Rather than called charoset, in Iraq it’s called helayk. To make it, dates were simmered in hot water until soft, and then the liquid was pushed through cheese cloth. Walnuts would then be pounded in a sack with a hammer into pieces, and mixed together with the dates.
Now, of course, it’s much simpler to make. Canoush buys date syrup either from Iraq or Israel (it can be found in Middle Eastern groceries), and she grinds her walnuts in the food processor, and then stirs the two together.
“Some people add cardamom too, to make it a little more interesting, but my family didn’t,” said Canoush. “I put a tiny bit of lemon juice to bring out the taste.” She adds, “you don’t want it too thick, but you don’t want the date syrup to run out from the nuts.”
While Canoush sometimes makes other versions of charoset as well, she said this one is always the most popular at her table. I suggest adding a bit of flaky sea salt to really bring out the flavors.
San Jose State English Literature professor Dalia Sirkin was born in Libya, and came to the United States via Italy. Her mother was among those that rolled the charoset into balls for serving.
Sirkin, who lives in Menlo Park, begins by peeling and grating an apple (this can be done in the food processor.) Then she adds the nuts; she usually uses a combination of walnuts, almonds and hazelnuts. Dates are once again the main fruit here, and she also adds a splash of grape juice and half an orange.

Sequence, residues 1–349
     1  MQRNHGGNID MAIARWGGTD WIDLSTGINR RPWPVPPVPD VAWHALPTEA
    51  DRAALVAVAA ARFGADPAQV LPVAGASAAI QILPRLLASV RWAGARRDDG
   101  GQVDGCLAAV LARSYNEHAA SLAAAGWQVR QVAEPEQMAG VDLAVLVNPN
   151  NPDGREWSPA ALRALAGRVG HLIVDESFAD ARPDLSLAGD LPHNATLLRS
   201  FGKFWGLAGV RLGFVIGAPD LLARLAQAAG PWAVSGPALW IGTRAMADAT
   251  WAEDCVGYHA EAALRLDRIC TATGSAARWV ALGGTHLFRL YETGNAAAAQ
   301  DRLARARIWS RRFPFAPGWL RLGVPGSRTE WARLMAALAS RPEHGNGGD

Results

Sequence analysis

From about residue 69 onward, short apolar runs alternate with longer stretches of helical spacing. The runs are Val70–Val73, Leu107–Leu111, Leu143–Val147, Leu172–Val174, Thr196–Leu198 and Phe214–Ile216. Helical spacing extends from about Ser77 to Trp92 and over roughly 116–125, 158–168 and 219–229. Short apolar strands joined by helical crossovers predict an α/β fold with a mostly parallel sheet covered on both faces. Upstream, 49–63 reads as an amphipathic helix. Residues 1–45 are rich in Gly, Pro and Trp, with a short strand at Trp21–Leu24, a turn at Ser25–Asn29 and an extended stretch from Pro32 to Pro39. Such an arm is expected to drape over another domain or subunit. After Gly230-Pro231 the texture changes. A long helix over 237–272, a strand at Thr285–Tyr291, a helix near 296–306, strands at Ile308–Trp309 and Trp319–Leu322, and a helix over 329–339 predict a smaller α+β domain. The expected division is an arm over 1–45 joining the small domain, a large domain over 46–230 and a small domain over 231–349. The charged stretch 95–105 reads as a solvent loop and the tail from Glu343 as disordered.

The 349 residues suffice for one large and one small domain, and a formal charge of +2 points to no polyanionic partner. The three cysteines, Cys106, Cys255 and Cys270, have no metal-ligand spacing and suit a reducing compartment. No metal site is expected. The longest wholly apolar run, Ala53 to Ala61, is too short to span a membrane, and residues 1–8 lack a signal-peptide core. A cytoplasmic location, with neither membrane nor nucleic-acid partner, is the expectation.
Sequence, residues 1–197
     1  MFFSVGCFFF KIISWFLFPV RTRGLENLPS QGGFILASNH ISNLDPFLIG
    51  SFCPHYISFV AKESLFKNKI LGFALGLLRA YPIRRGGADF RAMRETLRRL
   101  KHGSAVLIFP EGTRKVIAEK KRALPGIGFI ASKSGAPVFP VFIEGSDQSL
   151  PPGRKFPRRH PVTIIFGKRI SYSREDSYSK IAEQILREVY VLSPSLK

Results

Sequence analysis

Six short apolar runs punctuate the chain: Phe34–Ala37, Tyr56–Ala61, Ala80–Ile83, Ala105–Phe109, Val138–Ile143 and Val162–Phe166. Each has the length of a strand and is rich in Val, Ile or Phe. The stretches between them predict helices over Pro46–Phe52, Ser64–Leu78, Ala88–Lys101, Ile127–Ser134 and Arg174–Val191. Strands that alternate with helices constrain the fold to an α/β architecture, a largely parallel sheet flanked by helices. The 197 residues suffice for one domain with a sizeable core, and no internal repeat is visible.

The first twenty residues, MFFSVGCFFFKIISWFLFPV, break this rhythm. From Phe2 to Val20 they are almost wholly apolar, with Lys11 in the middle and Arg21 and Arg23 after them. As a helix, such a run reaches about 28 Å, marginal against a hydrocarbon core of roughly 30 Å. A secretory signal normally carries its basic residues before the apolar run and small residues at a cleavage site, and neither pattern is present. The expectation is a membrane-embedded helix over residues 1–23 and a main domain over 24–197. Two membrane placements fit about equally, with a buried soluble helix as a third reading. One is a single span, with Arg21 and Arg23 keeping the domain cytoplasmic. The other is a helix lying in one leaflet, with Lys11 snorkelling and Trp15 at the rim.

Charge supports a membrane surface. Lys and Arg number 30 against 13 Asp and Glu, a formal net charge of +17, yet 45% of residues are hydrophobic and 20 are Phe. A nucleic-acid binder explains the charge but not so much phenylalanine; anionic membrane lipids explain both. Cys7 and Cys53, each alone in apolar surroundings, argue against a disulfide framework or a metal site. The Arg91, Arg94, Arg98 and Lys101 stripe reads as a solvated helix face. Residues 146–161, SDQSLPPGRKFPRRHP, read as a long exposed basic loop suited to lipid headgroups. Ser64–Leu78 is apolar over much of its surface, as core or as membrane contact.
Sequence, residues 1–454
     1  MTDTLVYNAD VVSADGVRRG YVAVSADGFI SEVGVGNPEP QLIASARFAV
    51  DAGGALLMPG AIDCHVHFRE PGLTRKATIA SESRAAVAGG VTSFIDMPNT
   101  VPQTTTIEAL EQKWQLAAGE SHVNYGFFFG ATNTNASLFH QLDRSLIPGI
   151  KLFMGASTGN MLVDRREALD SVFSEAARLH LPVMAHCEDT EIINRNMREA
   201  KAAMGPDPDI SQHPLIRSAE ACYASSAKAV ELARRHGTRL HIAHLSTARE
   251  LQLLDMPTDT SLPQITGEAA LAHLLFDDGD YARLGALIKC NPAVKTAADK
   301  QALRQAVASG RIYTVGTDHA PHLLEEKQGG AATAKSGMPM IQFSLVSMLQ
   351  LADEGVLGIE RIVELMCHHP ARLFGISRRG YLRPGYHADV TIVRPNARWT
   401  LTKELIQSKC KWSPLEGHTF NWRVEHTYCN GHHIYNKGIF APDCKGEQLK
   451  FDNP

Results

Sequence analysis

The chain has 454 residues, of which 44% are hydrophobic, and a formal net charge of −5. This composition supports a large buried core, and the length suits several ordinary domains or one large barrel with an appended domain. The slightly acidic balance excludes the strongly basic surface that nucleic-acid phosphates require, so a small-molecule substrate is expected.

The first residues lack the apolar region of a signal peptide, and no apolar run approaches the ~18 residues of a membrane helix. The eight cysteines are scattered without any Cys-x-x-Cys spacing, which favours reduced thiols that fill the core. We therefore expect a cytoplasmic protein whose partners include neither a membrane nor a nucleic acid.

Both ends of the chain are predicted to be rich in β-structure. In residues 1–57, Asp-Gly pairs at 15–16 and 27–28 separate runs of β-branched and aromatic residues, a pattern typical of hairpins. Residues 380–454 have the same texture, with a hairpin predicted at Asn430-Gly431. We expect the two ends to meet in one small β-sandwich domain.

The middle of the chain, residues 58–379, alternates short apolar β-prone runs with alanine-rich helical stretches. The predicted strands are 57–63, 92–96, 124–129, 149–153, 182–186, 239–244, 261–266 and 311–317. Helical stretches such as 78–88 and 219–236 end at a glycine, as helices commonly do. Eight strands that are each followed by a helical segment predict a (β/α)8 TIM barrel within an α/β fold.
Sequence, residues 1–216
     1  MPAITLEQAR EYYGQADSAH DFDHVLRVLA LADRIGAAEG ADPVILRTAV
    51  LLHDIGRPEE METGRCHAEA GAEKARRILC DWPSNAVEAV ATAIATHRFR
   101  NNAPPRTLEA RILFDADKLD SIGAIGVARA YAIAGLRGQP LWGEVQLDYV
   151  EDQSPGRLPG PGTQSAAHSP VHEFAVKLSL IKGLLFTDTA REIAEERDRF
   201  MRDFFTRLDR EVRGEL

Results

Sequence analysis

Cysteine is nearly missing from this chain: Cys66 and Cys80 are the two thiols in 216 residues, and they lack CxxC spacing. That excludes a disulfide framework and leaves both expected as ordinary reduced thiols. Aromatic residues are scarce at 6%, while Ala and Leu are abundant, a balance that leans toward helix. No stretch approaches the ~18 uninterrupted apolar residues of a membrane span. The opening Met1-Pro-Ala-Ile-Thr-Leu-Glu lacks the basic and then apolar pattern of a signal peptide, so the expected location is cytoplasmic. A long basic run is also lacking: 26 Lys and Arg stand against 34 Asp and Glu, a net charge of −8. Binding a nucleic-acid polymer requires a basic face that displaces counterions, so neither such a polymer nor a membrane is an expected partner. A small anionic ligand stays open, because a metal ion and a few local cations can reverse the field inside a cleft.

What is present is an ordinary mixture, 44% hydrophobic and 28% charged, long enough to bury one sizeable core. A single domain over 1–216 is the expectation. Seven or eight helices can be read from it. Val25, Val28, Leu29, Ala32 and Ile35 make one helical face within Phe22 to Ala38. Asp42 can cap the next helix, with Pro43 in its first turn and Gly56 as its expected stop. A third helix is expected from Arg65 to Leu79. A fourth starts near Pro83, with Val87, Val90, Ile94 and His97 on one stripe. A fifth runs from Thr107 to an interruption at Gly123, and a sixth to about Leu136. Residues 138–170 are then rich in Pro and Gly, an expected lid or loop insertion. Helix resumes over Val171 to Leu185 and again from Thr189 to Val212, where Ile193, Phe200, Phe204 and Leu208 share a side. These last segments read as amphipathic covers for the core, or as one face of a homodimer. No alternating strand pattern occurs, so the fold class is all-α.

“The different liquids give it better texture and helps blend the flavors,” she said. “I really go by taste, I keep on tasting until I find the texture is what I want, and the taste has all the flavors I want.”
When it comes to spices, Sirkin uses cinnamon, but only the tiniest amount, since it can easily overpower everything else. She also uses cardamom, and lots of freshly grated nutmeg.
Asal Ehsanipour of San Mateo, is a recent college graduate and recently completed an organic farming fellowship. While she was born here, a typical Persian charoset recipe is always on her family’s seder table, as her parents are originally from Tehran.
While it has a bit in common with the Libyan recipe, above, it also deviates quite a bit.
The nuts used are almonds, walnuts and pistachios, of course, as they are always found in Persian cuisine. Hazelnuts and cashews are optional, Ehsanipour said, and all should be unsalted.